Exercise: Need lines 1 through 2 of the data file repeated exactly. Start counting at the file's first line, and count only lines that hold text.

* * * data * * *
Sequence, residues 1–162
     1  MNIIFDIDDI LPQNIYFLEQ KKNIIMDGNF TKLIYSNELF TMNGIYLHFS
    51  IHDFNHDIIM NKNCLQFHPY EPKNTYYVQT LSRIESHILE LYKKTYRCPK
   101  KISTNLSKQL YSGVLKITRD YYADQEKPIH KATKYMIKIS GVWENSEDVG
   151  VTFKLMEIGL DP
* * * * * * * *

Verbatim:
Sequence, residues 1–162
     1  MNIIFDIDDI LPQNIYFLEQ KKNIIMDGNF TKLIYSNELF TMNGIYLHFS